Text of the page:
Miriam began working with the CTTC in 2014 as part of the sales team, before taking over the acquisitions area years later. Together with the team of textiles acquisitions, she was in charge of supervising the purchases process, the categorization of the pieces, and, finally, its codification before they entered the storage room correctly. She is currently in charge of the storeroom's administration. Miriam has identified with the Center's mission since the beginning and has helped to promote Andean textile arts since she joined the CTTC. Throughout her life, Miriam has been very devoted to the Señor de Qoyllurit’i, in whose festivity she participates in the traditional dances accompanied by her family.
Domingo works with the weavers to receive the textiles they bring in each month, pricing and categorizing each piece. He joined the CTTC in 2002 as part of the storage room area. Domingo has always been very fond of the mission of the NGO to support the communities and revive old designs. Domingo’s wife is from Chinchero and she is part of the local weaving association called “AWAY”. They have two daughters who are their biggest motivation. When not working in the offices, Domingo participates in Chinchero festivals where he dances traditional roles.
Maria Esther is a weaver from Chinchero who, together with the team of textiles acquisitions, is in charge of supervising the quality of the woven pieces, the combination of colors and the designs throughout the purchase period. The rest of the time, she is mostly in charge of delivering the textiles to the sewing shop so they can be transformed into cushion covers, bags, placemats, vests, etc. Once she receives the textiles already transformed into the different products mentioned before, Maria Esther is in charge of entering the codes for each piece and adding them to the storeroom.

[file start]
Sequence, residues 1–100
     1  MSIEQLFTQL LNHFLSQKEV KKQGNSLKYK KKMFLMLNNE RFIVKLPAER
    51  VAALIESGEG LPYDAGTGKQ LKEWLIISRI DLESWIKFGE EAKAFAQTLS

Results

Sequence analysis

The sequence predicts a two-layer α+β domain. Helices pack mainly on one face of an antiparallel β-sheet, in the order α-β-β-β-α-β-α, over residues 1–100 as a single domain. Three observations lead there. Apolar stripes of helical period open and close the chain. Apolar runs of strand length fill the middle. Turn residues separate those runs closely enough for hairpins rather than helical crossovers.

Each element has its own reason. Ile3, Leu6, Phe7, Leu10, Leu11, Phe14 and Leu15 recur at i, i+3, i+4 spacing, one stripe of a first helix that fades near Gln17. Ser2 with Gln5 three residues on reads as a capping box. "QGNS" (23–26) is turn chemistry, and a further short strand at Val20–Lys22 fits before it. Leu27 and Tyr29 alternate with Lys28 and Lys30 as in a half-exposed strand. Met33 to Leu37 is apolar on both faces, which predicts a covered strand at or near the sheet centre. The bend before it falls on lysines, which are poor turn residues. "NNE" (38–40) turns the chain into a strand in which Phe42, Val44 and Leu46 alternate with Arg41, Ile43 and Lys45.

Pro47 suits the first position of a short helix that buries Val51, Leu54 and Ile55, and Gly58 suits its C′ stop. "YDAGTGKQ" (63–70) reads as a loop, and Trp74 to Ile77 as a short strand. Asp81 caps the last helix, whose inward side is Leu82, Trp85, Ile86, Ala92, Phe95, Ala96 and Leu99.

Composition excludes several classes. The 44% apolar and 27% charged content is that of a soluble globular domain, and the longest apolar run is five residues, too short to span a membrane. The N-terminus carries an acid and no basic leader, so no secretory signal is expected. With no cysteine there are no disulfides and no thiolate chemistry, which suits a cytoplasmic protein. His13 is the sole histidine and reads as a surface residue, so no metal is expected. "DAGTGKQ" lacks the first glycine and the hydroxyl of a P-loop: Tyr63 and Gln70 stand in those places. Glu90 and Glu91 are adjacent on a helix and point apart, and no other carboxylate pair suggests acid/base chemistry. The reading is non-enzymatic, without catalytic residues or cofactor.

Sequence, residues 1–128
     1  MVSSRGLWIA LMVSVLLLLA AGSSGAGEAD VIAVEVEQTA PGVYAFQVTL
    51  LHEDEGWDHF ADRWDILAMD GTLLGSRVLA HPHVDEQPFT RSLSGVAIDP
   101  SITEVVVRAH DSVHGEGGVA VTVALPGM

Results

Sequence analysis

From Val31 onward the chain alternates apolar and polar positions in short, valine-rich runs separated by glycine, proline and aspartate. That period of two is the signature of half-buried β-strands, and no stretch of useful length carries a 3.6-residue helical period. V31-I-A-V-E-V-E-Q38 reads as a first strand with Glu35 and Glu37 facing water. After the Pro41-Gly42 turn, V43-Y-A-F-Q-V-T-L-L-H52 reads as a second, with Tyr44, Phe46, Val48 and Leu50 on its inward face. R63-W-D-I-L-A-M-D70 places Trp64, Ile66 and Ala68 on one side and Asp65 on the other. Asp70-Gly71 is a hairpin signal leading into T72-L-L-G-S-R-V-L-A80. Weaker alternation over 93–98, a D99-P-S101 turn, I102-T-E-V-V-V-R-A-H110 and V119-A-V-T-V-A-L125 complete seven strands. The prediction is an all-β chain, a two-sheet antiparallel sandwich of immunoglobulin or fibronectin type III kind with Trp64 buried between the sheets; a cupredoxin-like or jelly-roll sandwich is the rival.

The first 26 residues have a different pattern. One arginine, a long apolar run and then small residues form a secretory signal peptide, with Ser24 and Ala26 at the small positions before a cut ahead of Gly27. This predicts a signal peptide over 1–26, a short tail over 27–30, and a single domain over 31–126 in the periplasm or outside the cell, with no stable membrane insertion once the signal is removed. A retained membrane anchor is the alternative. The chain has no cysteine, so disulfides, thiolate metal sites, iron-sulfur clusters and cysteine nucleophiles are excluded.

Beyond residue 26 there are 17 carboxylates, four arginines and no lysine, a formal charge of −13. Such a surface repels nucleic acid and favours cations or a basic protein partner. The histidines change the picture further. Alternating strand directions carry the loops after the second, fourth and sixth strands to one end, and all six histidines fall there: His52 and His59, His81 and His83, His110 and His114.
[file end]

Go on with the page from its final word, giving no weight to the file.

Kenny started working with the CTTC in 2018, supervising the proper functioning of all our systems and equipment. Kenny’s work is extremely important for the Center not only because all our information is stored and managed through those systems but also because they help to calculate a fair price every time the Textile Acquisitions department buys weavings -which happens at the beginning of each month. That calculator has helped the weavers to receive a fair price for their woven pieces and the NGO to operate under fair trade conditions. Throughout this short time, Kenny has characterized for been efficient, helpful and patient in resolving all the technological concerns of people at the office.
Narcisa has been working with the CTTC for many years. She began as the person in charge of washing and ironing the weavings once they were purchased by the Acquisitions Department. Currently, she also takes care of the cleaning duties in the Center. Narcisa is a proud mother of four men who support her whenever she needs extra hands.